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JACC. Cardiovascular interventions

Differential Prognostic Effect Between First- and Second-Generation Drug-Eluting Stents in Coronary Bifurcation Lesions: Patient-Level Analysis of the Korean Bifurcation Pooled Cohorts.


PMID 26315734

Abstract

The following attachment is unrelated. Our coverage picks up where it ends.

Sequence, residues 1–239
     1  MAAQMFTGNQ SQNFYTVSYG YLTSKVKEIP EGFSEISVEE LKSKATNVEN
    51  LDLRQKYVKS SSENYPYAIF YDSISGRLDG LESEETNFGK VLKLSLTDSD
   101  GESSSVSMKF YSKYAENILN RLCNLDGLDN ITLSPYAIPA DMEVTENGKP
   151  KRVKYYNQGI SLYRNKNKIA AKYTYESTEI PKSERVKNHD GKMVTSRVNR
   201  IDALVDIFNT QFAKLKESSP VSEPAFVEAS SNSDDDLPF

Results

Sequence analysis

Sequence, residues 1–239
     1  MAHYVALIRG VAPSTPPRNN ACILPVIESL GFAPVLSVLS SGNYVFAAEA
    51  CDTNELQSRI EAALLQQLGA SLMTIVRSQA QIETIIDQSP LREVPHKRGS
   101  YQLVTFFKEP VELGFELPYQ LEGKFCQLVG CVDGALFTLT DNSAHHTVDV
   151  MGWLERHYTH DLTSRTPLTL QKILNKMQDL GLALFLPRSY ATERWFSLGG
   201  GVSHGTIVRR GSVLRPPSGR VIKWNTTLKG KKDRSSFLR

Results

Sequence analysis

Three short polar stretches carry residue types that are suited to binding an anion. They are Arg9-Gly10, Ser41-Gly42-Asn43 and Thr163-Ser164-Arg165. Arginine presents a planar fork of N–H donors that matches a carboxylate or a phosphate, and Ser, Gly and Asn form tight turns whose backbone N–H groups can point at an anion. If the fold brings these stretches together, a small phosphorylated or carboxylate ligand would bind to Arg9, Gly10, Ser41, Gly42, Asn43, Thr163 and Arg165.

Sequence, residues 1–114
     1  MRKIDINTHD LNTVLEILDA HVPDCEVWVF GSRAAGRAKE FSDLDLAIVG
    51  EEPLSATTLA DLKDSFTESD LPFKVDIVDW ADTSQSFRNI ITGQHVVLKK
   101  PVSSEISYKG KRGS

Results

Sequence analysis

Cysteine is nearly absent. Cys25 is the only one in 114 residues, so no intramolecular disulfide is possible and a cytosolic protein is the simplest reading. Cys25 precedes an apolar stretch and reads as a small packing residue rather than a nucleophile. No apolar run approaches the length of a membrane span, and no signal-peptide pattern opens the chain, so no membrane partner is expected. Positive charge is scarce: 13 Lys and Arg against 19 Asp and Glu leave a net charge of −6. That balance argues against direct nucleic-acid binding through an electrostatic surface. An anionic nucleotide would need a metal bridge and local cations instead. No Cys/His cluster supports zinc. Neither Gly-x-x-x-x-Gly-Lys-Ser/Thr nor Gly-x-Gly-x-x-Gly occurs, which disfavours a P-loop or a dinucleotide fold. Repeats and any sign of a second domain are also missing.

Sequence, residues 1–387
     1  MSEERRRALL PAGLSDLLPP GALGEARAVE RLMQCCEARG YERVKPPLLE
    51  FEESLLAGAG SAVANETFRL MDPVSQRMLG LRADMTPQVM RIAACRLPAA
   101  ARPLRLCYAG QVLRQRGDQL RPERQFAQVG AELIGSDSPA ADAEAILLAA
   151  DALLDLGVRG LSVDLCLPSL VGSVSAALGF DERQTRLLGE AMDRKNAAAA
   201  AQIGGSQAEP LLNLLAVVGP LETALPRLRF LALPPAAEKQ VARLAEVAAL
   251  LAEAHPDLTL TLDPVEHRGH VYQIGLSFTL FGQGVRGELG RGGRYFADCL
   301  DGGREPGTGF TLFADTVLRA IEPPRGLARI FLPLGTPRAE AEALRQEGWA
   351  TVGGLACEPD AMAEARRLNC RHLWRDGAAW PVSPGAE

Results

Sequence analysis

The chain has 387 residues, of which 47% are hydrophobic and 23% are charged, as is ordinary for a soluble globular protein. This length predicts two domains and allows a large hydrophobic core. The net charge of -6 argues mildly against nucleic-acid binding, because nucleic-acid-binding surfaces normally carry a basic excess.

The purpose of this study was to investigate the differential clinical outcomes after percutaneous coronary intervention (PCI) for coronary bifurcation lesions with 1- or 2-stenting techniques using first- or second-generation drug-eluting stents (DES). The 2-stenting technique has been regarded to have worse clinical outcomes than the 1-stenting technique after bifurcation PCI with first-generation DES. However, there has been a paucity of data comparing the 1- and 2-stenting techniques with the use of second-generation DES. Patient-level pooled analysis was performed with 3,162 patients undergoing PCI using first- or second-generation DES for bifurcation lesions from the "Korean Bifurcation Pooled Cohorts" (COBIS [Coronary Bifurcation Stenting] II, EXCELLENT [Registry to Evaluate Efficacy of Xience/Promus Versus Cypher in Reducing Late Loss After Stenting], and RESOLUTE-Korea [Registry to Evaluate the Efficacy of Zotarolimus-Eluting Stent]). The 3-year clinical outcomes were compared between 1- and 2-stenting techniques, stratified by the type of DES. With first-generation DES, rates of target lesion failure (TLF) or patient-oriented composite outcome (POCO) (a composite of all death, any myocardial infarction, any repeat revascularization, and cerebrovascular accidents) at 3 years were significantly higher after the 2-stenting than the 1-stenting technique (TLF 8.6% vs. 17.5%; p < 0.001; POCO 18.1% vs. 28.5%, p < 0.001). With second-generation DES, however, there was no difference between 1- and 2-stenting techniques (TLF 5.4% vs. 5.8%; p = 0.768; POCO 11.2% vs. 12.9%; p = 0.995). The differential effects of 2-stenting technique on the prognosis according to the type of DES were also corroborated with similar results by the inverse probability weighted model. The 2-stenting technique was a significant independent predictor of TLF in first-generation DES (hazard ratio: 2.046; 95% confidence interval: 1.114 to 3.759; p < 0.001), but not in second-generation DES (hazard ratio: 0.667; 95% confidence interval: 0.247 to 1.802; p = 0.425). Patient-level pooled analysis of 3,162 patients in Korean Bifurcation Pooled Cohorts demonstrated that the 2-stenting technique showed comparable outcomes to 1-stenting technique with second-generation DES, which is different from the results of first-generation DES favoring the 1-stenting technique.

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